The Man in the High Castle

This book was another book club book chosen because of the TV series of the same name that has recently been released. I have to say, I hadn’t read any Philip K. Dick before and while I’d heard of “Do Androids Dream of Electric Sheep?” and “A Scanner Darkly”, my only experience of his work was watching the film adaptation of the latter.

“The Man in the High Castle” is an alternative history, depicting a post-WWII America where the Axis won and the Allies lost. The world has essentially been divided up between Germany, Japan and Italy. The east coast of the USA has become a new country called the Pacific States of America, which is occupied by the Japanese and has experienced a wave of Japanese civilian immigration. Some people, such as Bob Childan, eke out a living by selling pre-war Americana artifacts to Japanese collectors. Many have taken to consulting the ancient Chinese divination text the I Ching to make decisions. Many have also been reading a banned book called The Grasshopper Lies Heavy which itself is an alternate history – one where the Allies actually won. Although allies, with shifting power structures taking place in Germany, the relationship between the the Germans and the Japanese is not as harmonious as it first appears.

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This book really stands shoulder to shoulder with the likes of Orwell’s “1984” and “A Clockwork Orange”. It’s gritty, it’s sophisticated and it’s very very clever. Dick’s use of the I Ching throughout the novel is inspired and his treatment of race relations between the Americans and the Japanese is brilliant. As a reader, you’re really forced to think about things like the day-to-day applications of things like power-balances, what reality means and how we make our decisions. It’s not a very long book, but there is so much complexity packed into those 250-odd pages. There are quite a few characters, and while none of them really get much airtime, they all feel like real people. No stereotypes, no Mary Sues, just your average, everyday person who somehow found themselves part of this story.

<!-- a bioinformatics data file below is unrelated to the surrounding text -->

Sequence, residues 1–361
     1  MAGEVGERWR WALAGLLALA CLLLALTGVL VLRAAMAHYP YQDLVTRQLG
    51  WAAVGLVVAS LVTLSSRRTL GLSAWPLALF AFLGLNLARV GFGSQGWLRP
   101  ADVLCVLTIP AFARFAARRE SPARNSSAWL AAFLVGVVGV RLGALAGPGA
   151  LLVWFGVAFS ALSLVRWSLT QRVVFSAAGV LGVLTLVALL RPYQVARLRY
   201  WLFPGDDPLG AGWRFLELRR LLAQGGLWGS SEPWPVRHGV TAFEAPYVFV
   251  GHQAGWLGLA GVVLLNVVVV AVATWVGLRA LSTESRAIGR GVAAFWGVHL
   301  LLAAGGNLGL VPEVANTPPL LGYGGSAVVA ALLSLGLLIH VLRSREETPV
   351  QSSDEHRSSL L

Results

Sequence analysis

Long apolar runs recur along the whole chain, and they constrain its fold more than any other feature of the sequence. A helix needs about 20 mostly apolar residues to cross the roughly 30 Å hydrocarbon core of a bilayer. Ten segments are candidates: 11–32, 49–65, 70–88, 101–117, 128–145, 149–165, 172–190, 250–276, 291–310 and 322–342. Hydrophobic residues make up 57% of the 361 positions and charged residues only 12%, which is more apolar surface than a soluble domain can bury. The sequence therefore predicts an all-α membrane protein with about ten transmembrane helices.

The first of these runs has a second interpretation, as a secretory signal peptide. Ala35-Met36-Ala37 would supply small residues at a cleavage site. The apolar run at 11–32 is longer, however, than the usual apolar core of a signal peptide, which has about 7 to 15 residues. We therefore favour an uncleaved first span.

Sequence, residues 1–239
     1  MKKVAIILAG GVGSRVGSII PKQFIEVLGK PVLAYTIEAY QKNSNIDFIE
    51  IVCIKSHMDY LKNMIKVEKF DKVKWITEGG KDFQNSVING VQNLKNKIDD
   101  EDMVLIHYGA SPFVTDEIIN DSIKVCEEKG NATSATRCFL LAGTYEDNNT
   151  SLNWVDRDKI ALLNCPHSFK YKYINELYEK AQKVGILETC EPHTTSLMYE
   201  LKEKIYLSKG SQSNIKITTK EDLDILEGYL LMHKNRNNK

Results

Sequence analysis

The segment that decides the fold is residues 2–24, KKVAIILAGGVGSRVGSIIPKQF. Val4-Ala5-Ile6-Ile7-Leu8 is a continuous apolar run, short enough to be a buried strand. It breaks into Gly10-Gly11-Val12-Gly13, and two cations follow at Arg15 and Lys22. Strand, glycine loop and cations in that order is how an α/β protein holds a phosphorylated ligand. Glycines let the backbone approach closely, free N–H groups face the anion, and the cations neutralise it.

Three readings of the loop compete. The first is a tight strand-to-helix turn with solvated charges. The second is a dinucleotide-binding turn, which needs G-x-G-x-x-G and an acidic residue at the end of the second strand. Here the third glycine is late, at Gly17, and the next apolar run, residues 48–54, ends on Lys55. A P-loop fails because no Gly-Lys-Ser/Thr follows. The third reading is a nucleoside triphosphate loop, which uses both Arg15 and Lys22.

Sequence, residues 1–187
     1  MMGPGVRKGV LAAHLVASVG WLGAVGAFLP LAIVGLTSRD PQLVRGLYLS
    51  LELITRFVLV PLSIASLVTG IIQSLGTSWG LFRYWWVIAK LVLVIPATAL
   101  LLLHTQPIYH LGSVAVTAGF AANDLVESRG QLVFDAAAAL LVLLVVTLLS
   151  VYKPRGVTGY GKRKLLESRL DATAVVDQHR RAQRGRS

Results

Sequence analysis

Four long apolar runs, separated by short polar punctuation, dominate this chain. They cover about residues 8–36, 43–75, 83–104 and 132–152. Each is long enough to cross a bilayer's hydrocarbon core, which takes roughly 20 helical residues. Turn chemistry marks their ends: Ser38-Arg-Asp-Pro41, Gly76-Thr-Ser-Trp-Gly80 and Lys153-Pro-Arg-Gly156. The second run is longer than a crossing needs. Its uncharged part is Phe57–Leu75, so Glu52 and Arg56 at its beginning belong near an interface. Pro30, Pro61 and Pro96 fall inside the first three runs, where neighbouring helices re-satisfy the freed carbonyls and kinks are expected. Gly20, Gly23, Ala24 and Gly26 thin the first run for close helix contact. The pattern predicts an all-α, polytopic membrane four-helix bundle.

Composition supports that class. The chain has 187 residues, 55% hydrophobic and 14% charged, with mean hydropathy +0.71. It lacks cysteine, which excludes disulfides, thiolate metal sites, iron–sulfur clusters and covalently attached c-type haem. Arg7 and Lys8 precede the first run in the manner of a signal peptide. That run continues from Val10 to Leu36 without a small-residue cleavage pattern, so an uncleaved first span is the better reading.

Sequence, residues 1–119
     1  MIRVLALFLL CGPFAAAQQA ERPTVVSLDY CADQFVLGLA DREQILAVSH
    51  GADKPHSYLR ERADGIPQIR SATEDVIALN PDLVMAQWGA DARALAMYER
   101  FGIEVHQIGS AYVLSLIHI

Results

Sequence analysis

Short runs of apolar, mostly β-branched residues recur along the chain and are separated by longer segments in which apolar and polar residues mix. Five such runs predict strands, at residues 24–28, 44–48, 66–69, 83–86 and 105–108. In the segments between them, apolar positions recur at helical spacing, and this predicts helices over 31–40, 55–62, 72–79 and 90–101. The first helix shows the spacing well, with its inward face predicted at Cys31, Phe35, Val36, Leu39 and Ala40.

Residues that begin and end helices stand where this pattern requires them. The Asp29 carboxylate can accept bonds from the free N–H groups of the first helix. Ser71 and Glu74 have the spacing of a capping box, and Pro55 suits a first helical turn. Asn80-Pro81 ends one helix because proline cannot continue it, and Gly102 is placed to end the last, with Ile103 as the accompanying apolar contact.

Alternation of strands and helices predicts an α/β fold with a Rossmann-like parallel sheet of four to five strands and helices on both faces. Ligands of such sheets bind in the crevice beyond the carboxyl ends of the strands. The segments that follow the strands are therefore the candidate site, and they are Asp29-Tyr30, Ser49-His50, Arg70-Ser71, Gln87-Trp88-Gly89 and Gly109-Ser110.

This is a very clever, interesting book that doesn’t take very long to read. Even though it was published over 50 years ago, while it’s maybe not particularly topical, I still think that it is still very readable. If you’re into WWII history, dystopian fiction or simply books that make you think, I’d definitely recommend it. Based on the trailers, though, I’m not sure I’ll bother with the TV adaptation.

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Filed under Book Reviews, General Fiction

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